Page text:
(iv) that ὁμοίωμα is here to be understood as meaning ‘form’ rather than ‘likeness’—that is, as without any suggestion of mere resemblance.

(v) that the intention behind the use of ὁμοίωμα here (cf. its use in Phil 2:7, where there is no specific mention of sin) was to take account of the fact that the Son of God was not, in being sent by His Father, changed into a man, but rather assumed human nature while still remaining Himself. On this view, the word ὁμοίωμα does have its sense of ‘likeness’; but the intention is not in any way to call in question or to water down the reality of Christ’s σὰρξ ἁμαρτίας, but to draw attention to the fact that, while the Son of God truly assumed σὰρξ ἁμαρτίας, He never became σὰρξ ἁμαρτίας and nothing more, nor even σὰρξ ἁμαρτίας indwelt by the Holy Spirit and nothing more (as a Christian might be described as being), but always remained Himself.

 

We have already ruled out (i), and have indicated the serious theological objection which lies against (ii). Against (iv) it must be said that, on this view, it is difficult to understand why Paul was not content simply to say ἐν σαρκὶ ἁμαρτίας. With regard to (iii), it may be suggested that the use of the expression ἐν ὁμοιώματι σαρκὸς ἁμαρτίας was not a satisfactory way of indicating that, though sharing our fallen human nature, Christ never actually sinned; for the effect of the use of ὁμοίωμα is to indicate a difference between Christ’s human nature and ours (that His human nature was like, but only like, ours), but the difference between Christ’s freedom from actual sin and our sinfulness is not a matter of the character of His human nature (of its being not quite the same as ours), but of what He did with His human nature. And, if this suggestion is right, it may be further suggested that the natural place for Paul to refer to Christ’s sinlessness was not in the participial clause which is concerned with God’s sending of His Son, but in the main sentence (ὁ θεὸςκατέκρινεν τὴν ἁμαρτίαν ἐν τῇ σαρκί), and that, rightly interpreted, κατέκρινεν κ.τ.λ., does indeed include the affirmation of Christ’s sinlessness. We conclude that (v) is to be accepted as the most probable explanation of Paul’s use of ὁμοίωμα here, and understand Paul’s thought to be that the Son of God assumed the selfsame fallen human nature that is ours, but that in His case that fallen human nature was never the whole of Him—He never ceased to be the eternal Son of God.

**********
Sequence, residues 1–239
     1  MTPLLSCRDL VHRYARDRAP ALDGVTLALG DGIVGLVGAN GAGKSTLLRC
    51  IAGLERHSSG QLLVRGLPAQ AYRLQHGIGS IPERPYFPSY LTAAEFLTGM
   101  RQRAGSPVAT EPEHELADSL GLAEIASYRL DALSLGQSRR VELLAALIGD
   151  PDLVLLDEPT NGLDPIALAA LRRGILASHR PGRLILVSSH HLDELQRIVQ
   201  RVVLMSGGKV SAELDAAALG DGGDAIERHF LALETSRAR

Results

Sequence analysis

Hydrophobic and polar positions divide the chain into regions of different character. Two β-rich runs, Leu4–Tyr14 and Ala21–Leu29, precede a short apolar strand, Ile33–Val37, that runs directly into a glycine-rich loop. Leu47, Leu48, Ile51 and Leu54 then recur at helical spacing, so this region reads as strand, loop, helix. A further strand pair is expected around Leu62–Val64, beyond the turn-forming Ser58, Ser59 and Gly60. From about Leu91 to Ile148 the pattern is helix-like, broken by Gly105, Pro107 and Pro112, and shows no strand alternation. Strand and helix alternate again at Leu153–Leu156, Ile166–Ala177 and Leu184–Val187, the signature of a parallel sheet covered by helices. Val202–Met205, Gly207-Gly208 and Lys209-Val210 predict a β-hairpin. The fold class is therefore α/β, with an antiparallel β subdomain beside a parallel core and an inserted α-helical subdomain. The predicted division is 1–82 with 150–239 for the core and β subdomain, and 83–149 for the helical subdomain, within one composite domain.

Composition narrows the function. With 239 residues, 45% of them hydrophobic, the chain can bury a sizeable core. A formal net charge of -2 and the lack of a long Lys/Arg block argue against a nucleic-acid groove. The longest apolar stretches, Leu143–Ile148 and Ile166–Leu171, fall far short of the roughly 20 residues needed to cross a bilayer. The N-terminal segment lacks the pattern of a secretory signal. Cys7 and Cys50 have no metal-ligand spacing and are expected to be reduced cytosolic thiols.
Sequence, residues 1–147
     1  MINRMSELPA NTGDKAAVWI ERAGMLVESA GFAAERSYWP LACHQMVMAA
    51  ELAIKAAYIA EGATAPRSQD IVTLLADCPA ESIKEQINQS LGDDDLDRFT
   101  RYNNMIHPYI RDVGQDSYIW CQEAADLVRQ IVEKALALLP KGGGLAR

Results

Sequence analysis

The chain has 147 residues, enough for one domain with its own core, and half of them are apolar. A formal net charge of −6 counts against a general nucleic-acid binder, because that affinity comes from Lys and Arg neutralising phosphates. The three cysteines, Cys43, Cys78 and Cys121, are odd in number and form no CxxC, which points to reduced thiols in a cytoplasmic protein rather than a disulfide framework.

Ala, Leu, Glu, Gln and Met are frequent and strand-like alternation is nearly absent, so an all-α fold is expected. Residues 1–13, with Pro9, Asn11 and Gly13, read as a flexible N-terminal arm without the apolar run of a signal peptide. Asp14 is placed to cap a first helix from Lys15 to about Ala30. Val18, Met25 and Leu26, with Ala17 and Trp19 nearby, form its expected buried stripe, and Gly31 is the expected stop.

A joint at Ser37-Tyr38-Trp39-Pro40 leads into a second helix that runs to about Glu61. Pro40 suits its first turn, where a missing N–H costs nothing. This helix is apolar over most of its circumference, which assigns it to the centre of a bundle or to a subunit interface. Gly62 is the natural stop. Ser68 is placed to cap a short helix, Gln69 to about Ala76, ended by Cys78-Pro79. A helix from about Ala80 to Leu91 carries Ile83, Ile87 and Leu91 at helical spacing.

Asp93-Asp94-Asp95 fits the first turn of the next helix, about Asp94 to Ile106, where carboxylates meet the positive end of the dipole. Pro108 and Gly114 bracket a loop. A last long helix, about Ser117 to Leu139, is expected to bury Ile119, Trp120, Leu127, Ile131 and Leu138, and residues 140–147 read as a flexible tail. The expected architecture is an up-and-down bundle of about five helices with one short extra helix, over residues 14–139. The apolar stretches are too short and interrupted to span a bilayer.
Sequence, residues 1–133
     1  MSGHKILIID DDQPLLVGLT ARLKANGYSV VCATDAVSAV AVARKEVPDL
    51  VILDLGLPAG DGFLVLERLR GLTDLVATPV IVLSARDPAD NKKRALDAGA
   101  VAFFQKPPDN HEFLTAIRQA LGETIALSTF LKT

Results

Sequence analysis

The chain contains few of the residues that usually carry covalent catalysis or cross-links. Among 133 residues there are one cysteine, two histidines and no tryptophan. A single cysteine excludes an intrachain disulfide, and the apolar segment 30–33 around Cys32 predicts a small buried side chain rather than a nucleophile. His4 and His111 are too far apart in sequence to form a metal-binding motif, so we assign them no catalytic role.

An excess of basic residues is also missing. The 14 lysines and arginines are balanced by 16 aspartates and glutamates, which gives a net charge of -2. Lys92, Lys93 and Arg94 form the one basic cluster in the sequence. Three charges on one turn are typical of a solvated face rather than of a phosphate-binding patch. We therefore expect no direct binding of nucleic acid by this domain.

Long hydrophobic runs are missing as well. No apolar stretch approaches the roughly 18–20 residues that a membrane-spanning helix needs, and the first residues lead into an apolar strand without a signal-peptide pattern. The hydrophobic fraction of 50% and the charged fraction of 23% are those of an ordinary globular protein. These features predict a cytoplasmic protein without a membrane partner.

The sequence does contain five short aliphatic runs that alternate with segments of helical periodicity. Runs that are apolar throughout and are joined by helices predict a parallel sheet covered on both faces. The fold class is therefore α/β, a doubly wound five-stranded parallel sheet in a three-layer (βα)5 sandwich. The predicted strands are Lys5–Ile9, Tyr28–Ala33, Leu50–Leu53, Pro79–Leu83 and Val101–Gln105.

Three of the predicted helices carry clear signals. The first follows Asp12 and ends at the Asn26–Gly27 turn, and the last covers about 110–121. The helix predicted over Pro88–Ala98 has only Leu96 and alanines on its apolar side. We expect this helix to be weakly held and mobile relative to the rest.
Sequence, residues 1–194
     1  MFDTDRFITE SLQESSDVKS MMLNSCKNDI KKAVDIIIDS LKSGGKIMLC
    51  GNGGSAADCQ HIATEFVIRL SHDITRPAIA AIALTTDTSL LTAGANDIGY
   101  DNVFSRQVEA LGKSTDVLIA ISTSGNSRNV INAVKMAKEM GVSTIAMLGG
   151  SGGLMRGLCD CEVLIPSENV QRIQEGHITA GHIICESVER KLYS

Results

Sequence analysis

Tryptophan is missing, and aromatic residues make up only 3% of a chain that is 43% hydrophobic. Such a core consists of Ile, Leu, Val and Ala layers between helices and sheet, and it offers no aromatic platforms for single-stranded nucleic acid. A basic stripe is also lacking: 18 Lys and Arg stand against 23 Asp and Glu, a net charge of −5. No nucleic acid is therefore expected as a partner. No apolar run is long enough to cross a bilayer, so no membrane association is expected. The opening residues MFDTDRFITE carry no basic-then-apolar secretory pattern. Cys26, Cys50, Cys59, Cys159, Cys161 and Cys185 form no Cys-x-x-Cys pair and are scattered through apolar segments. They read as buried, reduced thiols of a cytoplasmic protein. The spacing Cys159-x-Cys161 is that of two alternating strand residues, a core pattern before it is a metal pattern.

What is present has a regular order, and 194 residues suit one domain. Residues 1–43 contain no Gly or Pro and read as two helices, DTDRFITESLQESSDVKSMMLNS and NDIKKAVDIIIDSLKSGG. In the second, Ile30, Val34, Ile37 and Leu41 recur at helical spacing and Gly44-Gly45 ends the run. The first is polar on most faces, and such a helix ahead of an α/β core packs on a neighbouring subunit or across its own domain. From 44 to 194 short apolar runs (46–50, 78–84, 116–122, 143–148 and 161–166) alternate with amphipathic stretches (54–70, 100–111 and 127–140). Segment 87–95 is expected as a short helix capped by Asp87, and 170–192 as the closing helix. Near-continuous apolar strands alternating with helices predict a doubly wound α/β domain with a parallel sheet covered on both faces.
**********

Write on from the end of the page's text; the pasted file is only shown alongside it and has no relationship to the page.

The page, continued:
Cranfield, C. E. B. (2004). A critical and exegetical commentary on the Epistle to the Romans (379). London;  New York: T&T Clark International.

 

 

Other commentators point out the same things: